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Hillslope scale soil moisture variability in a steep alpine terrain
- Penna, Daniele, Borga, Marco, Norbiato, Daniele, Dalla Fontana, Giancarlo
- Journal of hydrology 2009 v.364 no.3-4 pp. 311-327
- topography, soil water content, mountains, dew, topsoil, soil water, spatial variation, hills, mountain soils, Italy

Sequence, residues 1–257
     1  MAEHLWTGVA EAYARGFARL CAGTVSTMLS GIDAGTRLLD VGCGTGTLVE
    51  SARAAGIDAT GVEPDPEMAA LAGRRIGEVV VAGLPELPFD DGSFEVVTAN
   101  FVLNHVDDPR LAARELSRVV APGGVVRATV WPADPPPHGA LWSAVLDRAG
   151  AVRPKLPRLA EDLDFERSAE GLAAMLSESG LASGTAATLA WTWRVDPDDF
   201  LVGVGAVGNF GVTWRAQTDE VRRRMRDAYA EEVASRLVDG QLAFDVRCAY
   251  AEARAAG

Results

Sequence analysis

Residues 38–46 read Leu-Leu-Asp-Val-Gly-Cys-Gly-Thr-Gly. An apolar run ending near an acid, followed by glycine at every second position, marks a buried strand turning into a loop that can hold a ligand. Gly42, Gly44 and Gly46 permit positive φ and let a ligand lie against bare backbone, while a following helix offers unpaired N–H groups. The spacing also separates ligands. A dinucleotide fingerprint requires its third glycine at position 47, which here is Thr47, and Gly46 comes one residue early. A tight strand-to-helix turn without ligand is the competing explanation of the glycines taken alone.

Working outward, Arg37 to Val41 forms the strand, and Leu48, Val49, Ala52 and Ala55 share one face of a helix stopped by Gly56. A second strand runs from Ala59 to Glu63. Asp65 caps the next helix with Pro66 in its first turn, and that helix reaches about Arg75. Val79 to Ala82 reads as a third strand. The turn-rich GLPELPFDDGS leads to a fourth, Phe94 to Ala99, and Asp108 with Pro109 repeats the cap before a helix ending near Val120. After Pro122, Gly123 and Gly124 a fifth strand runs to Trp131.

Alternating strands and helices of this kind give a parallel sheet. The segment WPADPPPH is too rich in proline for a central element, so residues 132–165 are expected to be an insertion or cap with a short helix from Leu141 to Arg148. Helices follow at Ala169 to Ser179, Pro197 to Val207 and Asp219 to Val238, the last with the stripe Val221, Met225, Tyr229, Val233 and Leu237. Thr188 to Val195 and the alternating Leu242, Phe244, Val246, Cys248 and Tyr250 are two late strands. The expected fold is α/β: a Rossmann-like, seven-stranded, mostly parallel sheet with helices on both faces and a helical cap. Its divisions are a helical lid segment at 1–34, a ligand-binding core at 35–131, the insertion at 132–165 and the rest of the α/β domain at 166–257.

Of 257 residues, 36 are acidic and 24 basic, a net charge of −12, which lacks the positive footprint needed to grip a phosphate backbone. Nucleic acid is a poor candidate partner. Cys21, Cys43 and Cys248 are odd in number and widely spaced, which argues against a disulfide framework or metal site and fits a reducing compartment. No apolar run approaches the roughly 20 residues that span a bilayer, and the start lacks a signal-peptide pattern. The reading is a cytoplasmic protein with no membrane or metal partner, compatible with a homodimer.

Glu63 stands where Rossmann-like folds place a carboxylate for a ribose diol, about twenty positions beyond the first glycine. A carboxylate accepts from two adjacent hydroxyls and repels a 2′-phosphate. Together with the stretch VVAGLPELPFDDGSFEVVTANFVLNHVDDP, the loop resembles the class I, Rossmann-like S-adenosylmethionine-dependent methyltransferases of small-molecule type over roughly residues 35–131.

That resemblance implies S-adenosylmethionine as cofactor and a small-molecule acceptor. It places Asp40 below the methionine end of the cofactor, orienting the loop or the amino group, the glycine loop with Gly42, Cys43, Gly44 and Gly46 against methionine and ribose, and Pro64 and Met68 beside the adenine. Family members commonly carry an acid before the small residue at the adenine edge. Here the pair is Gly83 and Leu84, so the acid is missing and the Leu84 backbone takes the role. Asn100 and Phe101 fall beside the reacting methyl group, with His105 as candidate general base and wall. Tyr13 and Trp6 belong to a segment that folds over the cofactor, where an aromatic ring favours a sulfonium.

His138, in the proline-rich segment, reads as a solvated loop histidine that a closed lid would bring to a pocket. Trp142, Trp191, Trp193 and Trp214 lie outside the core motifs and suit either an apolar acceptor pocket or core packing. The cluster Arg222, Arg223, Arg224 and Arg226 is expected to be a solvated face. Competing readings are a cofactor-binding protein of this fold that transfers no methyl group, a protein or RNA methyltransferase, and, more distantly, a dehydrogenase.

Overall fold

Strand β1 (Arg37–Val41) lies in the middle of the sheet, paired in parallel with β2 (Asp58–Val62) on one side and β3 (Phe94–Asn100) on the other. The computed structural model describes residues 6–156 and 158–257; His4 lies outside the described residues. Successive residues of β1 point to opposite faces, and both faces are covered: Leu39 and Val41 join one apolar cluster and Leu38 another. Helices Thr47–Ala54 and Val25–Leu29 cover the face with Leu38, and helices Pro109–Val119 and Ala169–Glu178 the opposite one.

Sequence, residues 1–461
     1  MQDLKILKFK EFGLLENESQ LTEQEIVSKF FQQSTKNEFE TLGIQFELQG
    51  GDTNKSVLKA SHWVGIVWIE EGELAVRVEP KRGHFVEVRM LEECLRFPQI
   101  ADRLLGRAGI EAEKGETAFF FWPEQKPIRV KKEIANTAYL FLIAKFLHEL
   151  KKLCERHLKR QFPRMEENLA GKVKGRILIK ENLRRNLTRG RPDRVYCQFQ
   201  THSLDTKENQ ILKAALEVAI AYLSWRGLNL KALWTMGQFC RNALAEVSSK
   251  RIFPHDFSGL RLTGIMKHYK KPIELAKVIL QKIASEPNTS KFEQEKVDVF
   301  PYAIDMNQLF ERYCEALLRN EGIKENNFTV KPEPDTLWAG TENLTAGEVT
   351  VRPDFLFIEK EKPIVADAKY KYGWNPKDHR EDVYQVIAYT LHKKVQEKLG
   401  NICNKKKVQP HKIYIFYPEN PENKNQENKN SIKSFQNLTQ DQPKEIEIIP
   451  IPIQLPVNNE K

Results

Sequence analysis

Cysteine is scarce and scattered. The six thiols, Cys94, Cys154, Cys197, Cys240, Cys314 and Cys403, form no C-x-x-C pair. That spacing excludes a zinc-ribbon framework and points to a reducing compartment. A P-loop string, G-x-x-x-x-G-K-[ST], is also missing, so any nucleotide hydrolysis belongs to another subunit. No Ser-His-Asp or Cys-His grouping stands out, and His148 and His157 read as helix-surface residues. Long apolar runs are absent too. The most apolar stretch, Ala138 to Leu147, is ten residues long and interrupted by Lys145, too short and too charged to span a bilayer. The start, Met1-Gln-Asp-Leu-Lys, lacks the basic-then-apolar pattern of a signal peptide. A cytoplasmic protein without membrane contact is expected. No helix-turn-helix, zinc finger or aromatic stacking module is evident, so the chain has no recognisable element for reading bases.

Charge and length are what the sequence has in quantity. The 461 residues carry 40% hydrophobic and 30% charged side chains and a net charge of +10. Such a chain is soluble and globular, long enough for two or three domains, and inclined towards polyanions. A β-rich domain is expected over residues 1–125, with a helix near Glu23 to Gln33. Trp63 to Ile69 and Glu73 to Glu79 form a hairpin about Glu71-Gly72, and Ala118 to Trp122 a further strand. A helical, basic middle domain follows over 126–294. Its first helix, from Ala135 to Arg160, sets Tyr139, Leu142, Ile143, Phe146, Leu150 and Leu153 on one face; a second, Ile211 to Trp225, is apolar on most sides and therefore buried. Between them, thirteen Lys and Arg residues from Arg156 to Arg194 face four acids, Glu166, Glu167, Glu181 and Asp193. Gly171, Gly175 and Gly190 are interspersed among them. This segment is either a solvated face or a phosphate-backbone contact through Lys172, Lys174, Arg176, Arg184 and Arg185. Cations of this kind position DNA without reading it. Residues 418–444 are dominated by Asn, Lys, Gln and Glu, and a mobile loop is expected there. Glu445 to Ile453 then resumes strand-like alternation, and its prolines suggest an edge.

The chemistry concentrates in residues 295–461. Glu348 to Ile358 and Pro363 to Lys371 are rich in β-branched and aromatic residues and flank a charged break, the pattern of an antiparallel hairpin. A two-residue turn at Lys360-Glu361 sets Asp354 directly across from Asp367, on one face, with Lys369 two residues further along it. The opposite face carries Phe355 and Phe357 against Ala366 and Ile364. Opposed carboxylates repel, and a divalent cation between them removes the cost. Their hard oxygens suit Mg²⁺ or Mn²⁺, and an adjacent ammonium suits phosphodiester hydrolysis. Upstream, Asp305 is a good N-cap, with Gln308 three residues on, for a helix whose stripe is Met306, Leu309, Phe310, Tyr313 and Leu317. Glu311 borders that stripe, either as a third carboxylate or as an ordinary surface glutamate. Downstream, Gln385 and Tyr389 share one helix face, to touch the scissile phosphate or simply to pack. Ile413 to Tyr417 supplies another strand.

- In this study we analyse space-time variability of soil moisture data collected at 0-6, 0-12 and 0-20cm depth over three hillslopes with contrasting steep relief and shallow soil depth in the Dolomites (central-eastern Italian Alps). The data have been collected during two summer seasons (2005 and 2006) with different precipitation distribution. Analysis of soil moisture data shows that different physical processes control the space-time distribution of soil moisture at the three soil depths, with a marked effect of dew on the 0-6cm soil depth layer. The range of skewness values decreases markedly from the surface to deeper layers. More symmetric distributions, characterised by relatively low skewness, are found for mid-range soil moisture contents, while highly skewed distributions (generally with more log-normal shape) are found at dry and wet conditions. Scatter plots drawn for the whole data set and the analysis of the correlation coefficients suggest a good persistence of soil moisture with depth: the highest degree of correlation was observed between data collected at 0-12 and 0-20cm. Examination of correlation between soil moisture fields and topographical attributes shows that, notwithstanding the steep relief and the humid conditions, terrain indices are relatively poor predictors of soil moisture spatial variability. The slope and the topographic wetness index, which are found here the best univariate spatial predictors of soil moisture, explains up to 42% of the time-averaged moisture spatial variation. A negative relationship between the soil moisture spatial mean and the corresponding spatial standard deviation is found for mean water contents exceeding 25-30%, while a transition to a positive relationship is observed with drier conditions. Overall, soil moisture variability shows the highest values at moderate moisture conditions (23-29%) and reduced values for wetter and drier conditions for all depths. A negative linear relationship between mean soil moisture content and the coefficient of variation was observed. A soil moisture dynamics model proved to successfully capture the soil moisture variability at the hillslope scale. The simulated time series of hillslope-averaged soil moisture are in good agreement with the observed ones. Moreover, the model reproduces consistently the observed relationships between soil moisture spatial mean and corresponding variability.